Halo-Halo (Filipino Shaved Ice Dessert)

Shaved ice, fruit, tapioca pearls, evaporated milk, ube ice cream, and leche flan.


Rezel Kealoha

Why It Works

  • Making Saba bananas and jackfruit in syrup extends the fruits’ shelf life and the flavorful syrups can be used for other purposes.
  • Using shaved ice allows for easier mixing and eating, guaranteeing a dispersal of flavors and textures throughout the halo-halo.

Halo-halo is an iconic Filipino shaved ice dessert that's assembled in a tall glass and mixed by the diner with a long-handled spoon upon arrival—the name means "mix-mix." Each creamy and refreshing bite is packed with flavors and textures due to a myriad of add-ins, like crunchy toasted pinipig (pounded young rice), soft sweetened Saba bananas (a native banana cultivar), and chewy nata de coco (coconut jelly). 

The Origins of Halo-Halo

Halo-halo's origins can be traced back to Japan. Flourishing trade between the two countries brought over sweet desserts like mitsumame, a combination of cubed jelly, fresh fruit, and red adzuki beans, and kakigori, a shaved iced dessert sweetened with fruit syrup and condensed milk then topped with mochi, fruit, and sweet adzuki bean paste. When Japan occupied the Philippines in the late 19th century, Japanese settlers started selling a sweet creation called mong-ya, similar to mitsumame but with the inclusion of mung beans, and it was an instant hit in the metro Manila area. Filipinos adapted the dessert to suit their tastes—adding fruit preserved in simple syrup, cubed jelly, leche flan (baked custard), and ube ice cream—and halo-halo was born.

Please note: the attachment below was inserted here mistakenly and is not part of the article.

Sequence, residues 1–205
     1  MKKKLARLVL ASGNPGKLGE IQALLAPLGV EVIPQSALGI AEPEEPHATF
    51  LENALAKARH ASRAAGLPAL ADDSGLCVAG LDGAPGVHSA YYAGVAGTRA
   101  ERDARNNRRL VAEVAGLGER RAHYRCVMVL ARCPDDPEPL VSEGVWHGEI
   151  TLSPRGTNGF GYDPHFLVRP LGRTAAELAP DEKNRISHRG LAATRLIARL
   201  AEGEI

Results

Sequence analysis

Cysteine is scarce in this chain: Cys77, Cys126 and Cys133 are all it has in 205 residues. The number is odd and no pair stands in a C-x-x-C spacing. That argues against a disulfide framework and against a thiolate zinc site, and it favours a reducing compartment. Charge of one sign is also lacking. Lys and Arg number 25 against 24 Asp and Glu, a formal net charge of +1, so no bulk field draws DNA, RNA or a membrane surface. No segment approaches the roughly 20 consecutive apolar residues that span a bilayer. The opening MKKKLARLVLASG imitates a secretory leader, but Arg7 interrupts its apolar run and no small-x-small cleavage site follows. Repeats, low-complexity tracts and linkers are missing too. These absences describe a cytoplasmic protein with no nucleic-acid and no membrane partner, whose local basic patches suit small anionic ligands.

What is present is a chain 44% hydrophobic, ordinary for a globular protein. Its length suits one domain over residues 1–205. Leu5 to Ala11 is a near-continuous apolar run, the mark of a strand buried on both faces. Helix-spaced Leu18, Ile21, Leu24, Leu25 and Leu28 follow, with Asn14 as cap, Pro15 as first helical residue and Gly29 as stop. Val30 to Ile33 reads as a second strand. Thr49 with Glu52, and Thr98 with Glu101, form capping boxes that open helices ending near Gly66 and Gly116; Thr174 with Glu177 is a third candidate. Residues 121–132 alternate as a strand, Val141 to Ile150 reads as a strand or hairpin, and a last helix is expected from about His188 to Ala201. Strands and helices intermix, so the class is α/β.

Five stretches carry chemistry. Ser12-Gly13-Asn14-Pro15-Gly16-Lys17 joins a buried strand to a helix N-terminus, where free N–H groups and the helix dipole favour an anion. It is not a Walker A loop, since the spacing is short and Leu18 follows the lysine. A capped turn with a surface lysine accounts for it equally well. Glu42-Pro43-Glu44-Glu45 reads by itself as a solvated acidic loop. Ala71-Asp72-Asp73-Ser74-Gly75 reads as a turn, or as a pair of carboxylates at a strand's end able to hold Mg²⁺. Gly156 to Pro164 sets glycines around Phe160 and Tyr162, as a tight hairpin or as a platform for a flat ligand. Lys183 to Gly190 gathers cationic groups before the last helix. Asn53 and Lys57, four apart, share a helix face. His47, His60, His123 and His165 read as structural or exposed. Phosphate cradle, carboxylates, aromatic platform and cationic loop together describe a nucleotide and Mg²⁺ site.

Each region has their own version of halo-halo showcasing a kaleidoscope of add-ins—from sago (tapioca pearls in syrup) and macapuno (coconut sport strings in syrup) to colorful kaong (sugar palm fruit jelly). In some places, they even add shredded cheese, cornflakes, or polvorón, a crumbly shortbread flavored with cashews, pinipig, ube, or chocolate. Needless to say, It’s an endlessly customizable dessert.

Halo-Halo Add-Ins

halo-halo add-ins

Rezel Kealoha

The ultimate halo-halo for me consists of layers of red and green kaong, sago, nata de coco, Saba bananas in syrup (minatamis na saging), jackfruit in syrup (minatamis na langka), macapuno, monggo beans (red mung beans in syrup), sweet chickpeas, white kidney beans, ube halaya (purple yam jam), nata de pina (pineapple jelly), ube ice cream, leche flan, evaporated milk, and a heaping spoonful of pinipig showered over the top.